Git and Mercurial are both free software tools for distributed revision control and software source code management.
Both Git and Mercurial were started at approximately the same time with similar aims. The immediate stimulus was the announcement in April 2005 by Bitmover that they were withdrawing the free version of BitKeeper, which had been used for the version control requirements of the Linux kernel project. Mercurial creator Matt Mackall decided to write a distributed version control system as a replacement for use with the Linux kernel. Mackall first announced Mercurial on April 19, 2005.
Git was created by Linus Torvalds for Linux kernel development, with an emphasis on being fast. The development of Git began on April 3, 2005. The project was announced on April 6, and became self-hosting as of April 7. The first merge of multiple branches was done on April 18.
The Linux kernel project decided to use Git rather than Mercurial, but Mercurial is now used by many other projects.
Mercurial's major design goals include high performance, scalability, being a serverless, fully distributed collaborative development, robust handling of both plain text and binary files, and advanced branching and merging capabilities, while remaining conceptually simple. It includes an integrated web interface.
One of Linus Torvalds' key design goals for Git was speed and efficiency of operations. Other design criteria included strong safeguards against corruption, either accidental or malicious.
Projects using Git vs Projects using Mercurial
Several high-profile software projects now use Git for revision control, most notably the Linux kernel, Perl, Samba, X.org Server, Qt (toolkit), One Laptop per Child (OLPC) core development, Ruby on Rails web framework, VLC, YUI, Merb, Wine, SWI Prolog, GNOME, GStreamer, DragonFly BSD and the Android mobile platform.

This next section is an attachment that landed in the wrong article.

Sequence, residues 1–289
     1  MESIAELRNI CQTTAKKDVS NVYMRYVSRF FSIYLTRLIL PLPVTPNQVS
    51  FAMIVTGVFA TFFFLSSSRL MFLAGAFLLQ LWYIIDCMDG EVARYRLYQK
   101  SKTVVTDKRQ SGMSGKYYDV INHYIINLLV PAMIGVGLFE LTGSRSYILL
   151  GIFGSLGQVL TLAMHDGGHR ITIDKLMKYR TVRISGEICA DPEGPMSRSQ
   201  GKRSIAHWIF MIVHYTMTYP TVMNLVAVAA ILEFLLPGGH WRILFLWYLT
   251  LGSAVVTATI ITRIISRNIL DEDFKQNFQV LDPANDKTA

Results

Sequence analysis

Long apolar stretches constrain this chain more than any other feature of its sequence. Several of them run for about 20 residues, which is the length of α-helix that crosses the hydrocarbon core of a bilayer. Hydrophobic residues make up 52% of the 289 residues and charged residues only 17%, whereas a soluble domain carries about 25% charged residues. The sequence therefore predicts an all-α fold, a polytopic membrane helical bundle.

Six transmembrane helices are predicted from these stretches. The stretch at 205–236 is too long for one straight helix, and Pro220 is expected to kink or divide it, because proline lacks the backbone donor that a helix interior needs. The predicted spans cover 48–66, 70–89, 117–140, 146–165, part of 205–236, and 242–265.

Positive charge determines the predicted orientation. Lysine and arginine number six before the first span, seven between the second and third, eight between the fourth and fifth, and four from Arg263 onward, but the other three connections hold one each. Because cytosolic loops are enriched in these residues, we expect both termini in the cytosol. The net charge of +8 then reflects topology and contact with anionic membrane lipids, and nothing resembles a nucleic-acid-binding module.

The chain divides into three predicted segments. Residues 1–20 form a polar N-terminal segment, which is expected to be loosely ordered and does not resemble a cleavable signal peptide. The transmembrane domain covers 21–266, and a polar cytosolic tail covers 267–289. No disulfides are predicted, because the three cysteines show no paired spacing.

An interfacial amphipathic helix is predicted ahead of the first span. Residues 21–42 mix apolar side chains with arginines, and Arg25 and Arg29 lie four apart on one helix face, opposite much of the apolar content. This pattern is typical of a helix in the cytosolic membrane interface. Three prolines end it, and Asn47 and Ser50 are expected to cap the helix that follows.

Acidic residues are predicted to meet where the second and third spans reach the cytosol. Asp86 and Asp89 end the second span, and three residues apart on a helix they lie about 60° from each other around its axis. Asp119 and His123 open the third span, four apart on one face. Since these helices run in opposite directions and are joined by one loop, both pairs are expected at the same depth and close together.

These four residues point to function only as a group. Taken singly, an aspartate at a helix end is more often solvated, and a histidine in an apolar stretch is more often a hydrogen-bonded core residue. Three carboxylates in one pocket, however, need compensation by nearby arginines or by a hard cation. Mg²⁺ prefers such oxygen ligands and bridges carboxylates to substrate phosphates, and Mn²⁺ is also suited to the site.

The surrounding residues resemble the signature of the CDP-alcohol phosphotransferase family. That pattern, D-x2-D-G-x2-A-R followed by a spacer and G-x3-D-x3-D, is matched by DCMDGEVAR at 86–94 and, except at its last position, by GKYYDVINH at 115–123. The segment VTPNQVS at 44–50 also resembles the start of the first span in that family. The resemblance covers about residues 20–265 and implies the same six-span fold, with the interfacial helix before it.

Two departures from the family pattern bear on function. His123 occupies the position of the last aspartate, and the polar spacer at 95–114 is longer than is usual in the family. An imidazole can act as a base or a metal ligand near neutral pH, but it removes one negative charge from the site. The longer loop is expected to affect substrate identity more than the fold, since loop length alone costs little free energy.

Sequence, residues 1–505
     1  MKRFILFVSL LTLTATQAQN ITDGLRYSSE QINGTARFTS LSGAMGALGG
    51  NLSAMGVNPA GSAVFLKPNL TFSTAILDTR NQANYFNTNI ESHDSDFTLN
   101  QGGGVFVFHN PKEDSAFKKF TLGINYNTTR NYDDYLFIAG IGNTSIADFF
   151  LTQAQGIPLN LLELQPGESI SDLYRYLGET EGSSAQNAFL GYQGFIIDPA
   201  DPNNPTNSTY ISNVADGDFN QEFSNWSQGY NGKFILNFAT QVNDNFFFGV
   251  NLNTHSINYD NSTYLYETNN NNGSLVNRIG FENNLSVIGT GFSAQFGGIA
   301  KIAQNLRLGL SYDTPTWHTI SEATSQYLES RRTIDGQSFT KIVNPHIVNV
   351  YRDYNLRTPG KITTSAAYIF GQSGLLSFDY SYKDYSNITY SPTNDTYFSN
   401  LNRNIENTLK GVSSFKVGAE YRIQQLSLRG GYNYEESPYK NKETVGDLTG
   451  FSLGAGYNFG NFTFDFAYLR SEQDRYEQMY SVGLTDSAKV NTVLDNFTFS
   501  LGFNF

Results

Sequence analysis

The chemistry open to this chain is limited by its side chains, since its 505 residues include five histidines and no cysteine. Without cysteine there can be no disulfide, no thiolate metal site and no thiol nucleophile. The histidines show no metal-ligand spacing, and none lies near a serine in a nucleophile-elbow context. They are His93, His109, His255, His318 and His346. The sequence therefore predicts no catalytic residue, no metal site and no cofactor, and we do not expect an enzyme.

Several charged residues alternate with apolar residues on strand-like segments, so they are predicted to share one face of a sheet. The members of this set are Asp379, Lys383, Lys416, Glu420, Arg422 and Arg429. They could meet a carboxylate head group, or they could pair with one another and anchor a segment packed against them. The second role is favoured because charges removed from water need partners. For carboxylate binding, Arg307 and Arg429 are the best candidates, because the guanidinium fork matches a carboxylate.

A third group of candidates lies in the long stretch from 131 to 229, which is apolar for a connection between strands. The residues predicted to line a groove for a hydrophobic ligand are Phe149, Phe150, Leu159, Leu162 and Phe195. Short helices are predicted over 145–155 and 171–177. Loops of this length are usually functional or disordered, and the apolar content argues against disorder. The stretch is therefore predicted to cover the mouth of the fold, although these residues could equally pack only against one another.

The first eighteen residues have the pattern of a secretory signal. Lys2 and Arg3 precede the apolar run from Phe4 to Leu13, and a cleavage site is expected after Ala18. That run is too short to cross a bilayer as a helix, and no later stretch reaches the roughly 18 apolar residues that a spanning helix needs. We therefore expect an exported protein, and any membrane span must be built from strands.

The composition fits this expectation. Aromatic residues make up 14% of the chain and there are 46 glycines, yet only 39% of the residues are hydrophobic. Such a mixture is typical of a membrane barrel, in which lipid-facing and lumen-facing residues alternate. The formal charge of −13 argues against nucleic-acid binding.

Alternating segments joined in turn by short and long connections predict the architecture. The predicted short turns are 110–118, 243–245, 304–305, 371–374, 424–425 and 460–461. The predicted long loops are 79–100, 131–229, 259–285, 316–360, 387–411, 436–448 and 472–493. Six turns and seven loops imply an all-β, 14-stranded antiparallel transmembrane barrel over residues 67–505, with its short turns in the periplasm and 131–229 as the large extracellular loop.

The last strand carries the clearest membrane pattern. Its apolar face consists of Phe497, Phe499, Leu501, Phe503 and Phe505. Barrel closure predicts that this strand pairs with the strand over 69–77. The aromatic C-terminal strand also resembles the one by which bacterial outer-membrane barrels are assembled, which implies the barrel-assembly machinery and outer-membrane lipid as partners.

Projects using Mercurial include Adblock Plus, Aldrin, Audacious, Dovecot IMAP server, GNU Octave, NxOS, Nuxeo, Growl, MoinMoin wiki software, Mozilla, Mutt (email client), Netbeans (IDE), OpenJDK, Python, SAGE, Sun Microsystem's OpenSolaris and Oracle's Opensource Software like Btrfs.
Git vs Mercurial Portability
Mercurial was initially written to run on Linux. It has been ported to Windows, Mac OS X, and most other Unix-like systems. Mercurial is primarily a command line program.
Git is primarily developed on Linux, but can be used on other Unix-like operating systems including BSD and Solaris.
Git also runs on Windows. There are two variants:
- A native Microsoft Windows port, called msysgit is approaching completion. As of February 2009, there are downloadable installers ready for testing Some commands are not yet available from the GUIs, and must be invoked from the command line.
- Git also runs on top of Cygwin (a POSIX emulation layer), although it is noticeably slower, especially for commands written as shell scripts.
User Interface for Git vs Mercurial
All of Mercurial's operations are invoked as keyword options to its driver program hg, a reference to the chemical symbol of the element mercury. GUI interfaces for Mercurial include Hgk (Tcl/Tk). This is implemented as a Mercurial extension, and is part of the official version. This viewer displays the directed acyclic graph of the changesets of a Mercurial repository. This viewer can be invoked via the command 'hg view', if the extension is enabled. hgk was originally based on a similar tool for git called gitk. There is hgk replacement named hgview that is written in pure python and provides both gtk and qt interfaces.
Related Mercurial tools include:
- Related tools for merging include (h)gct (Qt) and Meld.
- The convert extension allows import from CVS, Darcs, git, GNU Arch, Monotone and Subversion repositories.
- Netbeans IDE supports Mercurial from Version 6.
- Tortoise Hg provides a Windows user-friendly, right-click menu interface.
- VisualHG is an Mercurial source control provider plugin for MS Visual Studio 2008.
- Mercurial Eclipse is an Eclipse team provider plugin for Eclipse 3.3 and newer.
Alternatives for running Git using a GUI include:
- git-cvsserver (which emulates a CVS server, allowing use of Windows CVS clients)
- Eclipse IDE-based Git client, based on a pure Java implementation of Git's internals: egit
- NetBeans IDE support for Git is under development.
- A Windows Explorer extension (a TortoiseCVS/TortoiseSVN-lookalike) was started at TortoiseGit and Git Extensions which is an explorer extension as well as a standalone GUI and a Visual Studio 2008 Plug-in